Special Session Summary Music, Meaning, and Magic: Revisiting Music Research

Wanda T. Wallace, Duke University
[ to cite ]:
Wanda T. Wallace (1997) ,"Special Session Summary Music, Meaning, and Magic: Revisiting Music Research", in NA - Advances in Consumer Research Volume 24, eds. Merrie Brucks and Deborah J. MacInnis, Provo, UT : Association for Consumer Research, Pages: 301-302.

Advances in Consumer Research Volume 24, 1997      Pages 301-302



Wanda T. Wallace, Duke University


Music is regularly touted by advertisers as a way to achieve vitality, memorability, and excitement in an ad campaign, and it is commonly used in television advertising. Despite much enthusiasm about music research over the past several years, we have yet to develop consistent data and overall frameworks to guide research. The purpose of this session was to look again at music with the hope of stimulating new thought and beginning to resolve conflicting perspectives.



Annabel J. Cohen, University of Prince Edward Island

Music plays an integral part in the experience of film but exactly how it contributes has been little explored or explained (Cohen, 1990, 1993, 1994). Anecdotal evidence suggests that music impacts upon the interpretation, memory, and sense of reality of the film. Through psychology experiments it is possible to specifically demonstrate some of these effects. A Congruence-Associationist framework for such explorations is proposed to encompass music and film stimuli that are often extremely complex (Marshall & Cohen, 1988; Bolivar, Cohen & Fentress, 1994). The framework considers separately two aspects of film and music: the formal or structural components and the meaning or associationist aspects. These aspects reflect both bottom-up (gestalt/structural) and top-down (higher-level, cognitive, associationist) processs respectively. The basic idea is that when music and film are structurally congruent (e.g., accent patterns are aligned), the associations or meanings of the music have greater impact overall; moreover, it is specifically proposed that the musical associations are directed to that part of the visual display that is in formal congruence with the music. Results from several experiments examining meaning and memory are considered in this context. It is maintained that the framework is useful for organizing the diverse data in this area and in generating new research. It is also suggested that this framework might be relevant to explaining the effects of music on attention and memory in television advertising.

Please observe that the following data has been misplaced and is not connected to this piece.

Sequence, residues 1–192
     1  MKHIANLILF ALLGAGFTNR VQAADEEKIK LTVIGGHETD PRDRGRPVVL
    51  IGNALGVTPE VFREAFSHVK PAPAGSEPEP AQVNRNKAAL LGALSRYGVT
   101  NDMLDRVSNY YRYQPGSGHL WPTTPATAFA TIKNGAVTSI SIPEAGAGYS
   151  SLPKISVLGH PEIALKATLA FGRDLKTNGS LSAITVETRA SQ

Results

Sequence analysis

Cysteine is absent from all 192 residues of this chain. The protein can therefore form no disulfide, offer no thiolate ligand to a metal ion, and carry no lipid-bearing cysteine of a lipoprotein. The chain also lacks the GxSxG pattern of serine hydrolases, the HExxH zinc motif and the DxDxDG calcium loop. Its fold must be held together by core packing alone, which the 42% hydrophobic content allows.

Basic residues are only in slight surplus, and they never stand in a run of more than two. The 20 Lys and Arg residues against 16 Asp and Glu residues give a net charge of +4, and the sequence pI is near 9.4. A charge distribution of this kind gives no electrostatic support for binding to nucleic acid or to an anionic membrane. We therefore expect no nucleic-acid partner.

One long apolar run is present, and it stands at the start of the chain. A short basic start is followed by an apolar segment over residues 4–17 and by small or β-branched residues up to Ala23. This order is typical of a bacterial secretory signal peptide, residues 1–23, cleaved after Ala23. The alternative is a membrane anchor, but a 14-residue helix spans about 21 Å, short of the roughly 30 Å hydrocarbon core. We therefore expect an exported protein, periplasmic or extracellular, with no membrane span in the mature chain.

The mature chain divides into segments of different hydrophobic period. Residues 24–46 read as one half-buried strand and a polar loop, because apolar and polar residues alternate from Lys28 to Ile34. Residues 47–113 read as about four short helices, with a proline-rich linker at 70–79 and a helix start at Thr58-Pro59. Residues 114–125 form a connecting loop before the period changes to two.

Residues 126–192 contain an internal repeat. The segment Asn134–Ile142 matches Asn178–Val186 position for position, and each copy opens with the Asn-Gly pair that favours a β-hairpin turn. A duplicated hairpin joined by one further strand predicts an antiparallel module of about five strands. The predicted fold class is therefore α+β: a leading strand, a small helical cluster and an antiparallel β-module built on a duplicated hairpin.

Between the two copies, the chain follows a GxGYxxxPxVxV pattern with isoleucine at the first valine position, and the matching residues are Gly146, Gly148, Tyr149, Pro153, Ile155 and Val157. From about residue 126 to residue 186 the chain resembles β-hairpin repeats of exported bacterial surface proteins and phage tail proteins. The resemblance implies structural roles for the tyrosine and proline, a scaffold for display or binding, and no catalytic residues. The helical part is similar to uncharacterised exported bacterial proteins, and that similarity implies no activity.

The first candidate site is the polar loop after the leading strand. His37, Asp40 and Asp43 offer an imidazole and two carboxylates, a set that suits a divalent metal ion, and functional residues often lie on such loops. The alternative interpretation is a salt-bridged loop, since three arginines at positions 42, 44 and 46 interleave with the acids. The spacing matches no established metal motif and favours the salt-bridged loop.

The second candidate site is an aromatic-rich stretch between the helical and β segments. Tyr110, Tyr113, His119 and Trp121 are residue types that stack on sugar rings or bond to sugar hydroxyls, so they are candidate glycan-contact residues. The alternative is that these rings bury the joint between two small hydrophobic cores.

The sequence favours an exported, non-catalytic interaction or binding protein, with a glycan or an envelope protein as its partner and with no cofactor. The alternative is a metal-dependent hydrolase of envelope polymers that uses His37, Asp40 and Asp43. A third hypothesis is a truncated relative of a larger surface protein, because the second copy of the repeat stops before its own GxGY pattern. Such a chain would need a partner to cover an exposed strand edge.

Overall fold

Wanda T. Wallace, Duke University

Julie A. Edell, Duke University

Marian C. Moore, Duke University

We examine how the presence of music and the presence of various musical structures affect consumers feelings about the ad, attitude toward the ad, and attitude toward the brand for 46 television advertisements. When music is present within an ad, warm feelings increase and uneasy feelings decrease. When music is prominently presented in the ad, upbeat feelings increase and disinterested feelings decrease. Musical structures such as major key, complex harmony, staccato rhythm, volume and tempo, familiarity of the music, and whether the brand name is sung significantly affect whether warm, upbeat, or uneasy feelings will be experienced. Not all structures act in the same manner. For example, a staccato rhythm diminishes warm feelings but increases upbeat feelings; however, the presence of familiar music increases both warm and upbeat feelings. In addition, features such as music’s prominence within the ad, changes in volume and tempo, dancing, and melodic repetition enhance the effects of the musical structures listed above on feeling responses, while music carrying the primary message suppresses the effects of the musical structures. Finally, musical structures significantly affect attitudes toward the ad and brand, in addition to the influence these structures exert on feelings.